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The Allins

               James Allin (1788 – 1869) was the man who made the physical being of Bloomington possible. It was he who donated 22½ acres of land for the beginning of the city. The funds from the sale of those lots on July 4, 1831 were used to set up the city government.

 

               Allin came from North Carolina by way of Kentucky, Indiana and Vandalia, Illinois. In Vandalia, Illinois he was active with the county government. The settlers of Blooming Grove had plans to create a new county and county seat that would make their business dealings with government authorities more convenient. Allin’s prior experience in Vandalia worked to the advantage of Bloomington. Allin joined in this movement, circulated petitions and sent Thomas Orendorff and James Latta to Vandalia with the petitions. Because Allin had already donated land to the new county, it was a foregone conclusion that “Bloomington” would be the county seat.

              When he arrived  in Bloomington in 1829, he had a load of goods to sell. He sold them out of another man’s house but the next year he set up the only trading post in what would soon be McLean County near Grove and East Street.

 

               Like many of the men of Illinois, Allin was concerned about acquiring as much land as he could. Actual money, however, was scarce in Illinois and amassing enough cash to purchase land could sometimes be a problem. When Allin’s son William (1818 – 1857) was just ten years old Allin had sufficient funds to purchase more land in McLean County. In order that his neighbor be unaware that Allin was making the move to purchase the land, Allin sent young William on horseback to Vandalia to file the papers and pay the price. Vandalia was 100 miles away, on unmarked roads and trails. This would have been quite the adventure for William. The story goes that William was just leaving the assessor’s office in Vandalia when the neighbor saw him and knew that he had been outwitted!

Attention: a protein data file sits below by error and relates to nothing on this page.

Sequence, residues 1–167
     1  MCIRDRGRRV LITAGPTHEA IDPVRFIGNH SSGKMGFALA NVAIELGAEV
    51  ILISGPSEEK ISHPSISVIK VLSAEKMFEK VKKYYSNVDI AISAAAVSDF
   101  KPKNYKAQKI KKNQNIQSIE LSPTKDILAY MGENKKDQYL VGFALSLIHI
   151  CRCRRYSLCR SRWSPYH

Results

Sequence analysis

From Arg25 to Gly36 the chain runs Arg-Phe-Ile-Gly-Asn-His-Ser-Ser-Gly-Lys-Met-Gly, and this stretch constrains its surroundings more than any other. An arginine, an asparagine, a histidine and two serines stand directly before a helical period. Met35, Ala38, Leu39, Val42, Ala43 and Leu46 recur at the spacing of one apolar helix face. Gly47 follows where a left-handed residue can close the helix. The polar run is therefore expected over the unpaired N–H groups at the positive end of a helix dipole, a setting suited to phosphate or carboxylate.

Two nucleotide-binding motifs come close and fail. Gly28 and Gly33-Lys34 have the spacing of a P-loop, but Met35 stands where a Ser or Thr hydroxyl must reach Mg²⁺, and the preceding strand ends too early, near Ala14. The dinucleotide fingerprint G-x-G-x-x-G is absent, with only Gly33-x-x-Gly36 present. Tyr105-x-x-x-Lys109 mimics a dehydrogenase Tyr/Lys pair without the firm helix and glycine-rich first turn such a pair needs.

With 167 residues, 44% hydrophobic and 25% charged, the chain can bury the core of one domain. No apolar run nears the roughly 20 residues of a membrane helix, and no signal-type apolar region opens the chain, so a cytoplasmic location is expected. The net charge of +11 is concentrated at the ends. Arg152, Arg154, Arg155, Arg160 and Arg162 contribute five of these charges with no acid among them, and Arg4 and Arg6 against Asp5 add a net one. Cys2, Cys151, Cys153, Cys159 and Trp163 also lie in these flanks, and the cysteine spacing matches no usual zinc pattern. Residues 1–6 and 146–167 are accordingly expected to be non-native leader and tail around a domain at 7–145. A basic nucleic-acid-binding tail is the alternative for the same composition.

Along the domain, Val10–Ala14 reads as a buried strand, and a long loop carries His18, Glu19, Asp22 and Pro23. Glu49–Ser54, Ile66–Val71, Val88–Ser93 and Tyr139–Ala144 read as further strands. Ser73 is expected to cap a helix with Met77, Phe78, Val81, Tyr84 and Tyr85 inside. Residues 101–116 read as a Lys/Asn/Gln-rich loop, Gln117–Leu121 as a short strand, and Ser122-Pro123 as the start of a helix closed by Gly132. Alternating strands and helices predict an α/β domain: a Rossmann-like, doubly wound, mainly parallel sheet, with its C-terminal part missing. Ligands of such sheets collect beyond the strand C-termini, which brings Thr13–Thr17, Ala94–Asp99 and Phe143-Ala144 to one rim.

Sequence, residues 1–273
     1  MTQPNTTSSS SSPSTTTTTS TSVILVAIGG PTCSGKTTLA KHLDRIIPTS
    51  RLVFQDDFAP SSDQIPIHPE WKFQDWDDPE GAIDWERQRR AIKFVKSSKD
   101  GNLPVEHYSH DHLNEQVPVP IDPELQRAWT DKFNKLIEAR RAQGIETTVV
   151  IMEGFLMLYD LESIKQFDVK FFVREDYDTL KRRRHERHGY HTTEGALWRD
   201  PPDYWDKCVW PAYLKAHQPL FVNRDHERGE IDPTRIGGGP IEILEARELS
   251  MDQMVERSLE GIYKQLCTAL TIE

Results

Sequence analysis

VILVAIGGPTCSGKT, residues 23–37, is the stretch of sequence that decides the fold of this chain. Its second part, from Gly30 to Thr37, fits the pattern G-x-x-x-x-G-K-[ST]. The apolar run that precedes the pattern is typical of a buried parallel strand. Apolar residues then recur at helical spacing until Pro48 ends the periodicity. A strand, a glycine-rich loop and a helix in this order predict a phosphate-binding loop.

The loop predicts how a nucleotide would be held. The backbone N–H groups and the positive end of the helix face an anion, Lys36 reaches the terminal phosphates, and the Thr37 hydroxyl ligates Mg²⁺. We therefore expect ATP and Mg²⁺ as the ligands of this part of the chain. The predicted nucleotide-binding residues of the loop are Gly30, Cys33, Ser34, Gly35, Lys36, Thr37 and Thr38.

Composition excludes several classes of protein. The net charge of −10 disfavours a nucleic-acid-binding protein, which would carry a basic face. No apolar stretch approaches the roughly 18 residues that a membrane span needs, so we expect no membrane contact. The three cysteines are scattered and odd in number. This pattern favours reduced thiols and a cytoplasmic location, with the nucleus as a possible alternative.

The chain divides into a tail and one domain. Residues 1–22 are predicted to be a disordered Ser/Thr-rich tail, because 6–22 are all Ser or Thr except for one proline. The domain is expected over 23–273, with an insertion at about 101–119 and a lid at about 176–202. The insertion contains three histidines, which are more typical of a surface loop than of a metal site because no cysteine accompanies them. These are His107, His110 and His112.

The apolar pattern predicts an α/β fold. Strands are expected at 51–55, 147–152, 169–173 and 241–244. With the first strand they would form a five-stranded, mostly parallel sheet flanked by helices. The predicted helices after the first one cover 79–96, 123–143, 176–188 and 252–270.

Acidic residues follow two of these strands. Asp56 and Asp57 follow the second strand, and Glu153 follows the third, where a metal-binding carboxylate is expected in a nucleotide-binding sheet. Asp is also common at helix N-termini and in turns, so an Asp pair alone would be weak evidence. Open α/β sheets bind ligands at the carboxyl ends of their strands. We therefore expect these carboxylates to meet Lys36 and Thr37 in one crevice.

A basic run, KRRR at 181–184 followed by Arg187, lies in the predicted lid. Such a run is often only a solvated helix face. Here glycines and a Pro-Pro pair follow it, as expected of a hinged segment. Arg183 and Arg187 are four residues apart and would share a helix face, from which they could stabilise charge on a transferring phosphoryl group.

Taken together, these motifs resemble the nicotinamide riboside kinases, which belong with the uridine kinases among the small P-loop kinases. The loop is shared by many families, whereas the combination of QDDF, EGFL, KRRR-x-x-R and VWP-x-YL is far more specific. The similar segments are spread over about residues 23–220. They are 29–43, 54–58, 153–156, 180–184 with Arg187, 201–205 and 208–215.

William married Judith Ann Major, another pioneer of Bloomington. Their son, William (1845 – 1921), would go on to fight in the Civil War, along with other men from Bloomington in the 145th Ill. Infantry in Co. I. This was a regiment of “100 day” men recruited for a final push toward Union victory in 1864. William would have been about 19 years old at that time and anxious to join friends in the army. He died at the Veteran’s Home in Danville, IL in 1921.

 

               William and Judith’s daughter, Carrie (1843 – 1924) married Walter Rogers, a farmer and Quaker related to the Benjamins. They had two daughters, one of whom was Aline. She married Percie Getty, the proprietor of a men’s clothing store in Bloomington. They lived in Bloomington and had three children.  Their son, Roger Getty, was the Vice President of the Corn Belt Bank when he died in 1965, leaving no descendants.

               To read a full biography of James Allin, follow the link below to the McLean County Museum of History's website.

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